March 11th, 2003


push pulk me in close look into my eyes smile at me when you stick in the knife

Everyone is asleep. The temperature is five degrees centigrade outside. The humidity is low and the pressure is one thousand and six millibars.

Somewhere in Reigate, in a smart house by the railway track, someone is dreaming. Pupils erratically jerk beneath sealed eyelids, and the mind conjures an image of a boy, gelled hair dishevelled and black shirt no longer crisp but creased and crumpled. He is sprawled on the floor in an untidy mass of mattresses, duvets and pink pillows.

For just a moment, the boy wakes; he doesn't need to sit up, but his eyes slowly open and he gingerly glances around as though he is scared of what he may no longer see. As though he feared he were still asleep. While the dream carries on, the boy is content with his view, happy within himself. He hugs his arms around his chest, and closes his eyes again - he doesn't want to move, and only lies awake and wallows joyously in his thoughts. The boy rests there, still warmly satisfied after looking round - he needs nothing more. He's just so glad to be amongst these wonderful people, so happy he had the chance to experience this, to feel this loved. He daren't straighten out his clothes nor push his hair to the side, but just feels so fortunate to have lived this moment.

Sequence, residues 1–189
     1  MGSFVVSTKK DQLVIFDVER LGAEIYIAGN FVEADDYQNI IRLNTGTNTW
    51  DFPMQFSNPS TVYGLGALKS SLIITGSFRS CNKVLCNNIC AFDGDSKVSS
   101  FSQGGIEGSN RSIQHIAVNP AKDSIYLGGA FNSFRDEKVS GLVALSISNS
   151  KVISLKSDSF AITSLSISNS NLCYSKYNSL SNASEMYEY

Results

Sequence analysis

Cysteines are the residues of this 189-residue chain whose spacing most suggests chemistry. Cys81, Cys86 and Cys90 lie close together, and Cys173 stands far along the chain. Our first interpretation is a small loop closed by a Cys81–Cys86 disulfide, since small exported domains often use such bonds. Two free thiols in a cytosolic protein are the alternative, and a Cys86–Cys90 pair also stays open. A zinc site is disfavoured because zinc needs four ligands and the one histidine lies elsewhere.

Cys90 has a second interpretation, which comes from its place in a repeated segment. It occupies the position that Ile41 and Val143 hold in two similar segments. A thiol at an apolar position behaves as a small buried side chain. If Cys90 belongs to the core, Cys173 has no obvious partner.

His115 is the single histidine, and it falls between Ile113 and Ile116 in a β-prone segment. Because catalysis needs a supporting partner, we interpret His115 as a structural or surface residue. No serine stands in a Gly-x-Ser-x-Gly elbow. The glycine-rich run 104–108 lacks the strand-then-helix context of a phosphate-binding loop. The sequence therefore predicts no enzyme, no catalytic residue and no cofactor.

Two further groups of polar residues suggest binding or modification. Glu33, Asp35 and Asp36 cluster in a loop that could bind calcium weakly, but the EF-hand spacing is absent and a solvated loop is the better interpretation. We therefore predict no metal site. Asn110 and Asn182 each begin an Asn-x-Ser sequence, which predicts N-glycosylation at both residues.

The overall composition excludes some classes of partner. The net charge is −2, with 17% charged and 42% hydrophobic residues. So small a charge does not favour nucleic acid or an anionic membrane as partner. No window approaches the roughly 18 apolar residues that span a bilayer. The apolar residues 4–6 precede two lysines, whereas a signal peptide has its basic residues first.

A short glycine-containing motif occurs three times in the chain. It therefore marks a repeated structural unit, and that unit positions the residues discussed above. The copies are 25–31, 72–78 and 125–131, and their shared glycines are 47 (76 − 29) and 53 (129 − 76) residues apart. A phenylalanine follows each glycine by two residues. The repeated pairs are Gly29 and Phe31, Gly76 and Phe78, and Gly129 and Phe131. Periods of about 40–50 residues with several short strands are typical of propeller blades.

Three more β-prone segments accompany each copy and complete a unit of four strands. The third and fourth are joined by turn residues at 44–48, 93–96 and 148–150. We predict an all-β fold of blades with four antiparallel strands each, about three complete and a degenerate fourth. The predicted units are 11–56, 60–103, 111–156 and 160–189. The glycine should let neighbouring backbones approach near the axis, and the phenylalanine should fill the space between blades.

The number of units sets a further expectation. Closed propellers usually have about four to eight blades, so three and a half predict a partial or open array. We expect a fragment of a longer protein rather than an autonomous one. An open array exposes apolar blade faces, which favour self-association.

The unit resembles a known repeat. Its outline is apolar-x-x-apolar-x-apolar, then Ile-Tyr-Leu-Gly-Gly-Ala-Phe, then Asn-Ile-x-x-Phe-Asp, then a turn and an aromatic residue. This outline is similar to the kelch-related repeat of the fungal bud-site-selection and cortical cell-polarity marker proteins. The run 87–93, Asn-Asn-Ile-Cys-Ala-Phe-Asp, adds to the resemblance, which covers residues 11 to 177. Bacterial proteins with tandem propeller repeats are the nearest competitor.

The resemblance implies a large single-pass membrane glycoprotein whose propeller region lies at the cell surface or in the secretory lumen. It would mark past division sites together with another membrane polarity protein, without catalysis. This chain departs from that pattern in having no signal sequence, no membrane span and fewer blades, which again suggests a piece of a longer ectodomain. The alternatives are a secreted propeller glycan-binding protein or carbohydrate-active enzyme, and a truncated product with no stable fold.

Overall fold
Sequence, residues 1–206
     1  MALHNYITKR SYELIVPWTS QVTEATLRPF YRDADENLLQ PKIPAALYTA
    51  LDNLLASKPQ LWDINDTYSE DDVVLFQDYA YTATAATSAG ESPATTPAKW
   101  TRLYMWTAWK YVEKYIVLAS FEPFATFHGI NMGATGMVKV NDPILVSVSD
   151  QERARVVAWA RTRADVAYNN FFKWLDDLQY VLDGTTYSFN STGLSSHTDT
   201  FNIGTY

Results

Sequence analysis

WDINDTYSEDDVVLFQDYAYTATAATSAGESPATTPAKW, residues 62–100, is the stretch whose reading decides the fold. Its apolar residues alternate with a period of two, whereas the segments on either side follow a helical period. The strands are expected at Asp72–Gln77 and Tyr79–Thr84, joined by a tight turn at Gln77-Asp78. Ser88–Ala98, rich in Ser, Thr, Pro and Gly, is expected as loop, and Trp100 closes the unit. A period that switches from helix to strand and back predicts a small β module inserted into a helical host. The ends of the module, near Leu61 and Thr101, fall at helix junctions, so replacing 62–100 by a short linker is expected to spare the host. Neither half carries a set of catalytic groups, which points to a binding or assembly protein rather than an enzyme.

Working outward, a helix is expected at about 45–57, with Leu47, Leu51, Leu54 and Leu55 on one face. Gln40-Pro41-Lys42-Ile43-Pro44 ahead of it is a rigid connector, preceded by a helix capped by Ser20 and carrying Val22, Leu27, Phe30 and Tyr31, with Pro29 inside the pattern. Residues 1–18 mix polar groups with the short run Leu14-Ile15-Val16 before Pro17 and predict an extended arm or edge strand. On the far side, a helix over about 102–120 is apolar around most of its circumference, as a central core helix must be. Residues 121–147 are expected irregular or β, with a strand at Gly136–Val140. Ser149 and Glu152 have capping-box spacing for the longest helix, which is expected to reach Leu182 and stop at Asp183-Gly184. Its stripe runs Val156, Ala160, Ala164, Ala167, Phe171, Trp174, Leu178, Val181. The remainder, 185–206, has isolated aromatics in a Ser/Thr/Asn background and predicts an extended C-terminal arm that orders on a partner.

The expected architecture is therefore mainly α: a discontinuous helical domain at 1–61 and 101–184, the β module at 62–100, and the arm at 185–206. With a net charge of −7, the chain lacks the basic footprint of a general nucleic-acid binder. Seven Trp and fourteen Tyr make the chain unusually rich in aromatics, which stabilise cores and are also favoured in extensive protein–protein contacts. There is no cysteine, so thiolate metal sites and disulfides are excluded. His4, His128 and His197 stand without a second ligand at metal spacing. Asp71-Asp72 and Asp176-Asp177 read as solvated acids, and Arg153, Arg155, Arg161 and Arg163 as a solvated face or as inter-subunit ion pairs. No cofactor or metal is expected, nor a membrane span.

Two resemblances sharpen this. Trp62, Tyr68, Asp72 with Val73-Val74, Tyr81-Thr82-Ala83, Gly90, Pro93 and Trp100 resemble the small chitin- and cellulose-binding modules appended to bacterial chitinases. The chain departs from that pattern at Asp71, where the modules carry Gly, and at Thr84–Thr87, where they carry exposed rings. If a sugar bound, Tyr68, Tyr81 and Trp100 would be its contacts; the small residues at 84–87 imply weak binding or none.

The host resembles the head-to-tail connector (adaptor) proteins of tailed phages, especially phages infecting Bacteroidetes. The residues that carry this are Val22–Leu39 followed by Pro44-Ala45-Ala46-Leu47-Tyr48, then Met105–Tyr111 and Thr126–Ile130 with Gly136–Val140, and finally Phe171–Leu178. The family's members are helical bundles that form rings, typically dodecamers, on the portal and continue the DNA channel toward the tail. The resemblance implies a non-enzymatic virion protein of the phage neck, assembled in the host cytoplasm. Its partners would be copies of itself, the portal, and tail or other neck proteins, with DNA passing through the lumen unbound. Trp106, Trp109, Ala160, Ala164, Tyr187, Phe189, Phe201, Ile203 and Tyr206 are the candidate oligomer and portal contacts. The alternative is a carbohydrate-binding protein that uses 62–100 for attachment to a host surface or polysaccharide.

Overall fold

And still, the dream is dreamt, silently projecting this boy in someone's mind. And as we're on this voyeuristic journey, the dream camera zooms out. Its view backs upward out of the ceiling, drops into soft focus then fades to black. It's still five degrees outside. The pressure remains unchanged. The boy is still somewhere, thinking how lucky he is. And the dream goes on, and I am the dreamer. I don't have to open my eyes. For I know just how the boy feels.

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pull me in close look into my eyes smile at me when you stick in the knife.